WASHINGTON (AP) — Federal Reserve Chairman Jerome Powell said Nov. 13 that the Fed is likely to keep its benchmark short-term interest rate unchanged in the coming months, unless the economy shows signs of worsening. But for now, in testimony before a congressional panel, Powell expressed optimism about the U.S. economy and said he expects it will grow at a solid pace, though it still faces risks from slower growth overseas and trade tensions. “Looking ahead, my colleagues and I see a sustained expansion of economic activity, a strong labor market, and inflation near our symmetric 2 percent objective as most likely,” Powell said before Congress’ Joint Economic Committee. Fed policymakers are unlikely to cut rates, Powell said, unless the economy slows enough to cause them to make a “material reassessment” of their outlook. The Fed cut short-term rates last month for the third time this year, to a range of 1.5 percent to 1.75 percent. “It now looks increasingly likely that the Fed will move to the sidelines for an extended period,” said Andrew Hunter, an economist at Capital Economics, a forecasting firm. Still, when asked if he expected rates to remain unchanged over the next year, Powell said, “I wouldn’t say that at all.” Powell’s testimony came a day after President Donald Trump took credit for an “economic boom” and attacked the Fed for not cutting interest rates further. Powell and other Fed officials, however, argue that their rate cuts, by lowering borrowing costs on mortgages and other loans, have spurred home sales and boosted the economy. Powell was asked about negative interest rates, which Trump also called for Nov. 12, and responded that they “would certainly not be appropriate in the current environment.” Negative rates occur “at times when growth is quite low, and inflation is quite low, and you really don’t see that here,” Powell said. Other Fed officials have also questioned whether cutting rates below zero has actually succeeded in boosting growth in places like Europe and Japan, where central banks have pushed rates into negative territory. Despite Trump’s attacks, both Republican and Democratic lawmakers took a largely respectful approach to Powell. Several complimented him for the “Fed Listens” events the central bank has held around the country, which have sought input from a range of groups, including unions and nonprofits, on ways the Fed could update its monetary policy framework. Powell repeatedly demurred when Sen. Ted Cruz, R-Texas, pressed him on how higher tax rates would affect the economy, including wealth taxes that have been proposed by Democratic presidential candidates Elizabeth Warren and Bernie Sanders. But Powell did concede, under questioning from Cruz, that a ban on fracking would “not be a good thing for the economy.” Some Democrats have called for a fracking ban over environmental concerns about the controversial method for drilling for oil and gas. Recent data suggests that growth remains solid if not spectacular. The economy expanded at a 1.9 percent annual rate in the July-September quarter, down from 3.1 percent in the first three months of the year. The unemployment rate is near a 50-year low of 3.6 percent and hiring is strong enough to potentially push the rate even lower. Inflation, according to the Fed’s preferred gauge, is just 1.3 percent, though it has been held down in recent months by lower energy costs and most Fed officials expect it to move higher in the coming months. Yet Powell reiterated that higher tariffs from the Trump administration’s trade war with China and uncertainty over potential future duties have caused many businesses to delay or cut back on their spending on large equipment and buildings. That has slowed economic growth. Powell also urged Congress to lower the federal budget deficit so that lawmakers would have more flexibility to cut taxes or boost spending to counter a future recession. Other Fed officials have voiced similar concerns. Patrick Harker, president of the Federal Reserve Bank of Philadelphia, said Nov. 12 that the large deficit, and the constraints it imposes on Congress in the event of a recession, “is one of the things I do lose sleep over.” Powell also noted that with the Fed’s benchmark rate at historically low levels, the central bank is considering whether it needs new tools to help boost growth whenever the next downturn arrives. “Central banks around the world are going to have less room to cut in this new normal of low rates and low inflation,” he said. The Fed is exploring an alternative policy framework, Powell said, that it hopes will provide more flexibility. In typical recessions, the Fed cuts short-term rates by roughly 5 percentage points. Powell reiterated that the Fed believes the unemployment rate could fall further without necessarily pushing inflation higher, a view that suggests the central bank is a long way off from hiking rates. “The data is not sending any signal that the labor market is so hot or that inflation is moving up,” he said in response to a question from New York Rep. Carolyn Maloney, a Democrat and vice chair of the Joint Economic Committee. “What we have learned … is that the U.S. economy can operate at a much lower level of unemployment than many thought.” Historically, super-low unemployment has been seen as likely to push up inflation, as workers push for higher pay and companies offer greater salaries to find and keep workers. Most analysts forecast that the Fed will hold rates steady when it meets next month. But some economists expect growth will slow in the coming months and the Fed will likely have to cut again next year. ^ AP Economics Writer Martin Crutsinger contributed to this report.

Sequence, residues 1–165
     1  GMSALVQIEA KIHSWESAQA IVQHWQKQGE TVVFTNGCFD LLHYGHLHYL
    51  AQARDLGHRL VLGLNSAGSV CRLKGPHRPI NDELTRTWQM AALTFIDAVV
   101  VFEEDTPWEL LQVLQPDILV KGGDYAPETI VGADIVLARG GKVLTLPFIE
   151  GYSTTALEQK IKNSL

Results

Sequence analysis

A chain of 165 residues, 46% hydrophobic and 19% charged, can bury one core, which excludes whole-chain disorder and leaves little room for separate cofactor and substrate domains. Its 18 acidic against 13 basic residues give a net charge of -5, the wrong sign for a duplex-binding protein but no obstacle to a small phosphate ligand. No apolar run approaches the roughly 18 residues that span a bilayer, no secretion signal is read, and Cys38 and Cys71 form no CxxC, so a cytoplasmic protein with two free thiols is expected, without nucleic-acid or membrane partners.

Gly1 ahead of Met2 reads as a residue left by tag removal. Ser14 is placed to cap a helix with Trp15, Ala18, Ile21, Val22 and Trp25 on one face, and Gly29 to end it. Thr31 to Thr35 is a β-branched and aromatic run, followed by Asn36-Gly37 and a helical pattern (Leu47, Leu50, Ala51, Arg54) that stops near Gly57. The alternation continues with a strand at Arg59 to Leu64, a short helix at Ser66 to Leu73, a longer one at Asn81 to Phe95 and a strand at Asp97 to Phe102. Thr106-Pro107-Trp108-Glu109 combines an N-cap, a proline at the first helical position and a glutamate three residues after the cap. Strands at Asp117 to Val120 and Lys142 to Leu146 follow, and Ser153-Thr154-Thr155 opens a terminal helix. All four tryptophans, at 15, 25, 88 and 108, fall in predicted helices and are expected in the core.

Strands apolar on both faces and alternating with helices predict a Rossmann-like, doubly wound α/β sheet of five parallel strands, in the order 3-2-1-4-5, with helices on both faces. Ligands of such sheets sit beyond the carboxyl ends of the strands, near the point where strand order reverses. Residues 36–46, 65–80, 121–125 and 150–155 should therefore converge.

Fed cuts rates for a 3rd time but signals it will now pause